What Are Hong Kong Style Noodles?

This Hong Kong style fried noodles recipe is amazingly flavorful. teriyaki sauce, siomai, and crispy noodles with bean sprouts!

Known also as Hong Kong chow mein, Hong Kong style fried noodles is a Filipino adaptation of a Chinese noodle dish. It is a flavor powerhouse, and there are countless topping options.

In social media, I learned about the dish and how it is growing in popularity in the Philippines as a business. After some investigation and testing, I chose this recipe for Hong Kong fried noodles, which calls for making a straightforward teriyaki sauce. It’s so simple, and using my recipe for siomai, you can even make your own topping.

Ingredients: Hong Kong Pan Fried Noodles

What Are Hong Kong Style Noodles?

What Are Hong Kong Style Noodles?

  • Noodles — Use Hong Kong style pan-fried noodles (or Hong Kong egg noodles), fresh or dried. They are thin egg noodles with a yellow color. You can find them in the refrigerated section of Asian or Chinese markets. You will need to boil the noodles for 1-2 minutes depending on the package directions before pan-frying. You might find “Hong Korean style wonton noodles” in the same noodle section, but they are different noodles and should not be used for this recipe.
  • Chow mein noodles are also egg noodles and are stir-fried, but they are much thicker and softer than pan-fried noodles.
  • Lo mein noodles are cooked separately from the other ingredients. Lo mein is a saucy dish while chow mein and pan-fried noodles are drier, with less liquid in the dish.
  • What Are Hong Kong Style Noodles?

  • Sauce Ingredients – You will need dark soy sauce, light soy sauce, oyster sauce, sugar, sesame oil, and shaoxing wine.
  • Veggies — I used green onion, Asian chives, and mung bean sprouts to add savory flavor and a crunchy texture. You can substitute with other vegetables like cabbage, carrot, pepper, broccoli, baby corn, etc. for an added crunch.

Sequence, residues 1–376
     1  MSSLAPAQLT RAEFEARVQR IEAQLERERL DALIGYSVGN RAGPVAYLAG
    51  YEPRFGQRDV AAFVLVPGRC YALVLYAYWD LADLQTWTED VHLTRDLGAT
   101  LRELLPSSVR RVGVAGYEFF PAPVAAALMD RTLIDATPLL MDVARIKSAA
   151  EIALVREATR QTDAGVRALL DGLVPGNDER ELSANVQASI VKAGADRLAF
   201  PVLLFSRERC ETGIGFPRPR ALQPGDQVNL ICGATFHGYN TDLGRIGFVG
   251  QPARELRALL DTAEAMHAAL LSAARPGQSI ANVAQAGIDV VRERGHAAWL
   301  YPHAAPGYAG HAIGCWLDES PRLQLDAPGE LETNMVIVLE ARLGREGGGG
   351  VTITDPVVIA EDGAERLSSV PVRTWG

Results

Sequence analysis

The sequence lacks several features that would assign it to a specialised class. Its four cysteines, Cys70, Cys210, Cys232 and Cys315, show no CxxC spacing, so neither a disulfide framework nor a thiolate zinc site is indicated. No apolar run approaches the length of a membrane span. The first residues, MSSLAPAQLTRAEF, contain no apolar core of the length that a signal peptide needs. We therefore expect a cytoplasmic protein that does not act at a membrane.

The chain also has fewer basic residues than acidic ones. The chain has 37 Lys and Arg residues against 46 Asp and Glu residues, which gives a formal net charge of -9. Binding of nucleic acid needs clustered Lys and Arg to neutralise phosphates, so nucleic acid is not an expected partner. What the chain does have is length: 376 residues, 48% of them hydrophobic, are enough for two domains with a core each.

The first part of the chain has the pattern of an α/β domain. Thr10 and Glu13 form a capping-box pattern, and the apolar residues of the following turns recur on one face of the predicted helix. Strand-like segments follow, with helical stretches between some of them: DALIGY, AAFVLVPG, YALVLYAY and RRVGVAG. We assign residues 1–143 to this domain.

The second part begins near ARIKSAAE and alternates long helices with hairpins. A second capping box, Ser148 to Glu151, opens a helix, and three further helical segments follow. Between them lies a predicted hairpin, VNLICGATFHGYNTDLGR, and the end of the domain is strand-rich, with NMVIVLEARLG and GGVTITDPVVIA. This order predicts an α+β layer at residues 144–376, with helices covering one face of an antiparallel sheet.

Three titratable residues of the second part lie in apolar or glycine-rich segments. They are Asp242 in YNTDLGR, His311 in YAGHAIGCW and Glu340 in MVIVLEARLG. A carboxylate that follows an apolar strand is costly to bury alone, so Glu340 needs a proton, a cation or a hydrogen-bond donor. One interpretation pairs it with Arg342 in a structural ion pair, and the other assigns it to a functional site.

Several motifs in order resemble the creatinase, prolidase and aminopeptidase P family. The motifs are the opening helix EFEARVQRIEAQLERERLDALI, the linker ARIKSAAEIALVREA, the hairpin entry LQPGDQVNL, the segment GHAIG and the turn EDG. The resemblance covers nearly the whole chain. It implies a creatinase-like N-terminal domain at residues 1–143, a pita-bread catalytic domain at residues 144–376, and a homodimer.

• Oil – Use any vegetable oil to make this Cantonese fried noodles recipe.
  • Protein — optional. I added shrimp. You can add chicken or beef as you prefer. To make a vegetarian version, omit animal protein and enjoy the noodles with vegetables, or add fried tofu cubes to increase the plant-based protein in the dish.
  • What Are Hong Kong Style Noodles?

    Step 6: Add meats & create sauce

    Re-add the chicken, shrimp, and aromatics to the pan. Mix everything for a bit.

    Then, well be adding salt ( 0. 50 tsp ), sugar ( 0. 75 tsp), chicken bouillon, and 1 tablespoon of oyster sauce to the pan. Additionally, prepare a slurry of cornstarch and water (1 tbsp) in a bowl and add it to the pan as well.

    We want the sauce to thicken more into a gravy, which the cornstarch and water do. To get the desired consistency, you might need to add more cornstarch or less.

    Finally, add sesame oil ( 1 tsp ).

    Wide Wonton Noodles

    What Are Hong Kong Style Noodles?

    Use in hearty braises, noodle soups, and other dishes with stronger, oilier flavors.

    Similar to thin wonton noodles but. thicker. I use these noodles in dishes that feature braised beef and heavier, oilier flavors, like this Taiwanese beef noodle soup.


    What is a Hong Kong style noodle?

    These resemble thin wonton noodles and are occasionally referred to as chow mein noodles. The main distinction is that noodles with the “Hong Kong” or “pan-fried noodles” labels have been par-cooked in boiling water so that they are ready for stir-frying.

    What are Hong Kong style pan-fried noodles made of?

    • Dried Egg noodles.
    • 1 bag bean sprouts.
    • 1 green pepper.
    • 1 bag of Chinese greens, such as Chinese Leaf, Kai Lan, or Choi Sum.
    • 2 spring onions.
    • Dark soy sauce.
    • Sesame oil.

    What is Hong Kong chow mein?

    A traditional Chinatown favorite is shrimp chow mein noodles made in Hong Kong style. Pan-fried noodles are combined with shrimp, Shiitake mushrooms, fresh mung bean sprouts, and scallions along with other umami-flavored ingredients in a hot wok to create the dish’s star ingredient, the wok hay flavor.

    What is difference between chow mein and Cantonese noodles?

    Americanized chow mein is more flavorful, a little saltier, and frequently pairs broccoli, chicken, and carrots with other ingredients. Chow mein found in China is much more delicate. Actually, the soft and elegant flavor profiles of traditional Cantonese cuisine are its main selling point.

    Related Posts